As I sat on the hard rock, looking out into the horizon, listening as the ocean waves helplessly slammed on the rocks beneath where I sat, I wondered if the gazillion drops of salty water had any choice but to dance together to the music of the winds. How far had these waves traveled before they got the the Ocean Shores of Washington State? How any shores had they visited before they paid me a visit? How many vessels had they pushed from one harbor to another before they finally went to water heaven? How much marine animals and plants lived under this huge ocean? All the time, as these questions came flooding into my mind, I was keenly watching the waves as they came closer and closer to the rocks below where I sat. I watched as some drops managed to seek refuge on some cracks between the rocks, perhaps seeking some “time out” or Rest and Recuperation, or time to meditate just as I. A ship seemed to suddenly pop out of nowhere, from the horizon, and as it came closer to my peripheral, and as it got closer, I realized it was a humongous vessel, like those ones I have seen severally at the Mombasa harbor. I watched as it floated across the waters at a slow yet steady pace. I wondered what it was ferrying, where it had come from and where it was going. I imagined that such a huge cargo ship was steered by just a small helm which is perhaps turned by one man. Isn’t that fascinating? All along I was enjoying the cool ocean breeze, which was actually very soothing, as I watched other small fishing boats come and go, as they caught perhaps the salmon I had planned to order at Alec’s by the Sea restaurant that evening. That was my happy place right there. Feeling at one with nature especially the ocean, one of the earth’s forces to recon with, God’s work of art, a magnificent phenomenon. Then I recall Nicole C. Mullen’s song, “I know my redeemer lives”, the lyrics making much sense as I sang; “and who taught the ocean you can only come this far….”. We all agree that if the ocean crosses the line, devastation is the eminent result. So it better just stay within the shores, and leave the rivers to meander inland.
In a flash, right in front of me, I noticed something move among the waves. It caught my attention and as I stared as the waves swelled and bust, I saw a small bird float on the water. I was taken aback at how that tiny little thing seemed to enjoy floating on the water. It felt like it was showing off, telling me how I could never do what it was doing. Well, I am a swimmer, not as fast as the likes of Jason Dunford, but I can pull lame breast and back strokes only in a swimming pool. But this little sucker would actually waiting for the wave to swell, then dives in to fish. I found myself cheering it on, and when it came up after what seemed like for ever, I would clap for it and say, “go! go! little chap”. I wonder what those behind me thought of my actions. Perhaps they thought I was loosing it but I was too engrossed in this live drama before me to care. I asked my “friend” google what birds fish along the these shores and among the images displayed, and by making reference to my new friend on the waves, I concluded it was a Cormorant. I kinda felt smart, and I christened her (yes, her) Cormo. So, as Cormo waited for the waves to rise, she would be floating on the water, swinging on it as though she was on a seesaw, and then take a dive in, and then come up. She did this over and over, and each time I would say, “where are you Cormo?? are you foolish or what? supposing you drowned?” but each time she came back looking heroic. I started to think about how each living thing is endowed with different abilities to enable it adapt to it’s habitat. Cormo looked very secure, comfortable, at one with the ocean, and well adapted. As I thought of what would happen if I was dropped into the same waves, I found myself in a trance, where I saw myself struggling to keep afloat as I galloping liters of the salty dirty water, scared, panicking, and just before I went in, I was brought back by the noises of a mother and her children laughing as they took pictures of the ocean. That vision got my heart pounding hard and fast and I was glad I was on dry land.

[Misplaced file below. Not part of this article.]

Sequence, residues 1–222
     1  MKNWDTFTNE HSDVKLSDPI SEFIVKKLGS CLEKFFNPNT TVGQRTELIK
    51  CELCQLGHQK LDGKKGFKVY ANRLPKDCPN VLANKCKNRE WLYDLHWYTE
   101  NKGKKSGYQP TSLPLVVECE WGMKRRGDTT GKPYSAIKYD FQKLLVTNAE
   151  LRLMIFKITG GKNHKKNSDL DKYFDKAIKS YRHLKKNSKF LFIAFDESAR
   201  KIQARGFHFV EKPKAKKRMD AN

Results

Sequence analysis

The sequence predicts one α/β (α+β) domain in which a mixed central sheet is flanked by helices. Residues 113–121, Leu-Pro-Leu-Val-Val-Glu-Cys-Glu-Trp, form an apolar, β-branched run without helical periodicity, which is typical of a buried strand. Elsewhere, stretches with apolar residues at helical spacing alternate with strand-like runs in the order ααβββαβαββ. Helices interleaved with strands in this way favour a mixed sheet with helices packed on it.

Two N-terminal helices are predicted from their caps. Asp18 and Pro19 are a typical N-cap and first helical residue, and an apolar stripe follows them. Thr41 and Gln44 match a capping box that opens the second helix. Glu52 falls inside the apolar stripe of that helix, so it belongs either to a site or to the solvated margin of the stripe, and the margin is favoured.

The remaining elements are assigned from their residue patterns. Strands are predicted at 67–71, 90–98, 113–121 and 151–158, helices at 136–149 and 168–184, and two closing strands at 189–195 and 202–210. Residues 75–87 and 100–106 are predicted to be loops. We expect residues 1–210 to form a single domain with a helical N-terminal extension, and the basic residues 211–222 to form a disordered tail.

Cormo made me accept that I too was unique as she was, and I was made for a purpose just as she was. I knew then that I needed to find that which I floated best at, that which I am easy and comfortable doing. I must find the ocean that contains the waves on which I will graciously wait to swell right before I dive in for spiritual and physiological nourishment. I needed to find my nitch! Besides, the God who created Cormo, is the same purposeful God that created me and I am sure He put in me great talents and gifts that I got to discover for the benefit of others and myself. I decided that I was no longer going to be “jealous” of those who already discovered their purpose in life, but I was going to keep seeking and looking and I am sure I will find it or them. I urge you to also do the same.
1 Peter 4:10 – As each one has received a special gift, employ it in serving one another as good stewards of the manifold grace of God.
Praise the living God, Abba Father, the creator of the earth and universe with your gifts and talents. Let the world enjoy the fragrance and beauty of your creativity. I have watched my sister Janet (Mama Lulu) do great things with her hands and each time I am awed by her creativity. We did come from the same parents but she got her own set of gifts and talents that I ain’t got. I think she should showcase her work, perhaps set up a website or youtube channel and share her beautiful creations with the rest of the world. I will leave you with the words of a renown American motivational speaker, author, former radio DJ, and former television host to ponder over: